Gray Whales Appear to Be Shrinking

Researchers studying them in the Pacific Northwest see change over recent decades
By John Johnson,  Newser Staff
Posted Jun 25, 2024 4:28 PM CDT
Gray Whales Appear to Be Shrinking
A drone's view of a gray whale.   (Getty / Wirestock)

Researchers studying gray whales in the Pacific Northwest are worried about an unmistakable trend among the creatures—they're shrinking, and at a pretty fast rate, according to a study published in Global Change Biology.

  • Smaller: Whales in this group born after 2000 are about 5 feet, 5 inches shorter than whales born before that date, say researchers in a news release. With a baseline length of about 40 feet, that amounts to a loss of about 13% of their length, or roughly 3 inches per year, reports Scientific American.
  • Human comparison: Researchers say that if the same were applied to a female human, she would have shrunk from 5-foot-4 to 4-foot-8.

  • The subgroup: The whales studied are in the Pacific Coast Feeding Group, a small subgroup of Pacific gray whales, and they feed off the coasts of Oregon, California, Washington state, and British Columbia. The Washington Post reports that shrinking has been most pronounced in females, which are now generally the same size as the subgroup's males.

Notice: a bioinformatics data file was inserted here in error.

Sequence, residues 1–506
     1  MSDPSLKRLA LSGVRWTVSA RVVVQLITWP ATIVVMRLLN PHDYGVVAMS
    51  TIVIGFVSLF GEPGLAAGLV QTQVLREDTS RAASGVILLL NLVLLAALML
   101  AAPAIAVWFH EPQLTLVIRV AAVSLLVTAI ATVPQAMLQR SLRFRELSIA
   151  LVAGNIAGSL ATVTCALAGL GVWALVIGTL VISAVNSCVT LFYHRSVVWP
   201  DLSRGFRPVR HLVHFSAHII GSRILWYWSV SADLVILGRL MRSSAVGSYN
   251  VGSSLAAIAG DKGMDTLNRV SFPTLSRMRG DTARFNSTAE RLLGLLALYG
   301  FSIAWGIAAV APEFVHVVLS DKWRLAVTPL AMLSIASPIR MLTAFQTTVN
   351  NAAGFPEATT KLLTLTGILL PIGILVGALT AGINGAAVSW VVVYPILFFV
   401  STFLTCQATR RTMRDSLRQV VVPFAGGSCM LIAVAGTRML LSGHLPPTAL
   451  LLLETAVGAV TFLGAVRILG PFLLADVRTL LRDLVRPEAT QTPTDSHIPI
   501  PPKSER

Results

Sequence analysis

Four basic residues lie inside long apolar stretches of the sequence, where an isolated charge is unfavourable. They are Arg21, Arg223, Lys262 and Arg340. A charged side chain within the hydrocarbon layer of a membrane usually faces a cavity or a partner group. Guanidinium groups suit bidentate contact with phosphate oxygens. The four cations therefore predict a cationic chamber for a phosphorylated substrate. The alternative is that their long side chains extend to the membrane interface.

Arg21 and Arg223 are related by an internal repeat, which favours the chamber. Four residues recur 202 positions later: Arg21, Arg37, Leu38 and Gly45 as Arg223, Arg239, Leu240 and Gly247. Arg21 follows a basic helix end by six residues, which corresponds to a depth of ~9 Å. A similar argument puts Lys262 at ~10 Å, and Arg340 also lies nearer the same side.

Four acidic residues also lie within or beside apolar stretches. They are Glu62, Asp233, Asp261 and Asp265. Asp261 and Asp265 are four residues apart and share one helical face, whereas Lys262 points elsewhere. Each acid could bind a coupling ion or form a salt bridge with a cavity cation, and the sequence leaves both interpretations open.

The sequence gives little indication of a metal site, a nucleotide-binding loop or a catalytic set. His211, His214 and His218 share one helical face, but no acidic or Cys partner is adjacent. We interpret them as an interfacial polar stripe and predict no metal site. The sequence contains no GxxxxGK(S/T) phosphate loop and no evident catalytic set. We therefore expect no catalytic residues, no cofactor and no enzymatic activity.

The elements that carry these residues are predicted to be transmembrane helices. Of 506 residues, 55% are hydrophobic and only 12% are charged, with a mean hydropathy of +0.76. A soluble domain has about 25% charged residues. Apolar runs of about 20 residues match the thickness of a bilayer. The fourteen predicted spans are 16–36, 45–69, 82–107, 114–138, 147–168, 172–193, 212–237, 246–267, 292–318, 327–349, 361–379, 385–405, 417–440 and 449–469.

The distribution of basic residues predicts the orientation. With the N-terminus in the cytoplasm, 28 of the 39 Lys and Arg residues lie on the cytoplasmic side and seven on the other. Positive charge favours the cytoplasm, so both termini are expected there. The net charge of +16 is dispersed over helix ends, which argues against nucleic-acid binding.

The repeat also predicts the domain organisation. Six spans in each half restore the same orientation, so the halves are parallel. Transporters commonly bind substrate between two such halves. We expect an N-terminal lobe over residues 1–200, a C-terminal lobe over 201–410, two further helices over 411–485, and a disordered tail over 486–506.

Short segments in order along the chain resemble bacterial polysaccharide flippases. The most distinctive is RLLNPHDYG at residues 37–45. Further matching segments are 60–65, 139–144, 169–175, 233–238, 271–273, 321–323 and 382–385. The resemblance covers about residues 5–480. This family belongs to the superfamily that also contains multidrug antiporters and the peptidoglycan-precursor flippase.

• Unclear: Why the whales are getting smaller is unclear. Researchers say it does not appear to be hereditary, thus suggesting environmental factors such as water temperature or changes to their fishing grounds, per the Post.
  • Standout quote: "This could be an early warning sign that the abundance of this population is starting to decline, or is not healthy," says co-author KC Bierlich of Oregon State University. "And whales are considered ecosystem sentinels, so if the whale population isn't doing well, that might say a lot about the environment itself."
  • Standout quote II: "It is a very surprising finding that it's that dramatic of a change over time," National Oceanic and Atmospheric Administration biologist Aimee Lang tells Scientific American.
(More gray whale stories.)

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